HONOLULU — The men rescued in this tale of three castaways were not named Tom Hanks, or Gilligan, or Robinson Crusoe. Though they might as well have been.
In a scene straight from Hollywood, or a New Yorker cartoon, a U.S. Navy plane spotted the word “help” spelled out in palm fronds on a beach on a deserted island in the remote Pacific.
The three men, missing for three days after a wave overtook the skiff they were travelling in, were found waving their orange life jackets on the tiny Micronesian island of Fanadik, several hundred miles north of Papua New Guinea, officials said Saturday.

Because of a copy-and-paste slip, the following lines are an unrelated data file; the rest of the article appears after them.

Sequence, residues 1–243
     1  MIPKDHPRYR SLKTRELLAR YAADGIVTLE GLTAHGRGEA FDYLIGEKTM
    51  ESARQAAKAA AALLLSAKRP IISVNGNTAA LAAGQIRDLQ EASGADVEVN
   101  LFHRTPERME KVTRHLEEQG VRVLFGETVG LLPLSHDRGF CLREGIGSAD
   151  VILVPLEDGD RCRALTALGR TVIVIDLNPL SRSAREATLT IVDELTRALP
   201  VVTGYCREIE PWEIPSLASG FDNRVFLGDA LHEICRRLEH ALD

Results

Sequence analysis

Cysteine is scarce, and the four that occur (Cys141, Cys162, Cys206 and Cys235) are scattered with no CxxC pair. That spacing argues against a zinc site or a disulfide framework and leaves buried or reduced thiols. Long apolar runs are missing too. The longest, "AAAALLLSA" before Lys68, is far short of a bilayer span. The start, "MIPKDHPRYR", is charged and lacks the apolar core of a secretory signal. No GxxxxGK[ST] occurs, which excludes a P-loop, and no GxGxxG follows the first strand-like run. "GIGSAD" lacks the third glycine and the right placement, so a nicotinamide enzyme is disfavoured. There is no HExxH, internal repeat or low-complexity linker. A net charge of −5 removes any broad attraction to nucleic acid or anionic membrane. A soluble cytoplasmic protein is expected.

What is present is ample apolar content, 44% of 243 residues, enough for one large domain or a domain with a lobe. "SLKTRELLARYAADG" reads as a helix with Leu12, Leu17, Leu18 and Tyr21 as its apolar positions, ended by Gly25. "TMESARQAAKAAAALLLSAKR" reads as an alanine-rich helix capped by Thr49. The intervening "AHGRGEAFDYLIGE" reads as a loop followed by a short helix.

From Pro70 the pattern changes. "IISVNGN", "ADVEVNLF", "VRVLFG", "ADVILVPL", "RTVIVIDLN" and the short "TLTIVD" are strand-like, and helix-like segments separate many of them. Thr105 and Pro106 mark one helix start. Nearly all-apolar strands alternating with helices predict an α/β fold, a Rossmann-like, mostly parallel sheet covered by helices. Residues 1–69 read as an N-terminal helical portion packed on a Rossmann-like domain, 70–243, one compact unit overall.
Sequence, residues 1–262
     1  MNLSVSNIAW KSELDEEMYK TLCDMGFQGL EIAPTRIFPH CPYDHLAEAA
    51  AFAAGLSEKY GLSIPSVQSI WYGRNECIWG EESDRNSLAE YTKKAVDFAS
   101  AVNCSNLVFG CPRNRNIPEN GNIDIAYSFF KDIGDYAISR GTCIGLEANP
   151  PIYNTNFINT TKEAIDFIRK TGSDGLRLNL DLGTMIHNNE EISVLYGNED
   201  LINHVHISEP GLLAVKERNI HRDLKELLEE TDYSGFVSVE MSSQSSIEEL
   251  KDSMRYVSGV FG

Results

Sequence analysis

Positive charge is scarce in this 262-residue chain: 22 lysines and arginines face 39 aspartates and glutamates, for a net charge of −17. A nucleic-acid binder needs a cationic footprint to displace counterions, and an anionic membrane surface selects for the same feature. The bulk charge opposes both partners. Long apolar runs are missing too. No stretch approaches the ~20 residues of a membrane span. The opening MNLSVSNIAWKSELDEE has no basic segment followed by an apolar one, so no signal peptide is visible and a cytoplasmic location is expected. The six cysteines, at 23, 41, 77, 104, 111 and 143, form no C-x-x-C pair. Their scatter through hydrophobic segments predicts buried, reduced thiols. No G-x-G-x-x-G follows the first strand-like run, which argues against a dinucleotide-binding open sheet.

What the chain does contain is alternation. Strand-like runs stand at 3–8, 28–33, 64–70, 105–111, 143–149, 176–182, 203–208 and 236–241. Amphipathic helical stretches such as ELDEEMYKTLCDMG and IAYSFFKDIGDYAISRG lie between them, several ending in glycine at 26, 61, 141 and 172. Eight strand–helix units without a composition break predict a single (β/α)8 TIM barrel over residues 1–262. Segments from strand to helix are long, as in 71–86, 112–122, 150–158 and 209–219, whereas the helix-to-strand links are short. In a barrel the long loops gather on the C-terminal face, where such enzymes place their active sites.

The men’s families reported them missing Tuesday after they failed to show up at the Micronesian island of Weno, where they were travelling from their home island, Pulap.
“Fortunately for them, they were all wearing life jackets and were able to swim to the deserted island,” U.S. Coast Guard spokeswoman Melissa McKenzie said.
A local boat picked the men up and took them to a hospital. McKenzie said she didn’t have information on the men’s condition Saturday, but officials told the Washington Post they were not injured.
Two bulk carriers searched a combined 17 hours for the men as part of AMVER, a U.S. Coast Guard voluntary search and rescue program. With AMVER, rescue co-ordinators can identify participating ships in the area of distress and ask them to help.
In the last two weeks, 15 people have been rescued in the Pacific with the help of 10 AMVER vessels and six aircrews, the U.S. Coast Guard said.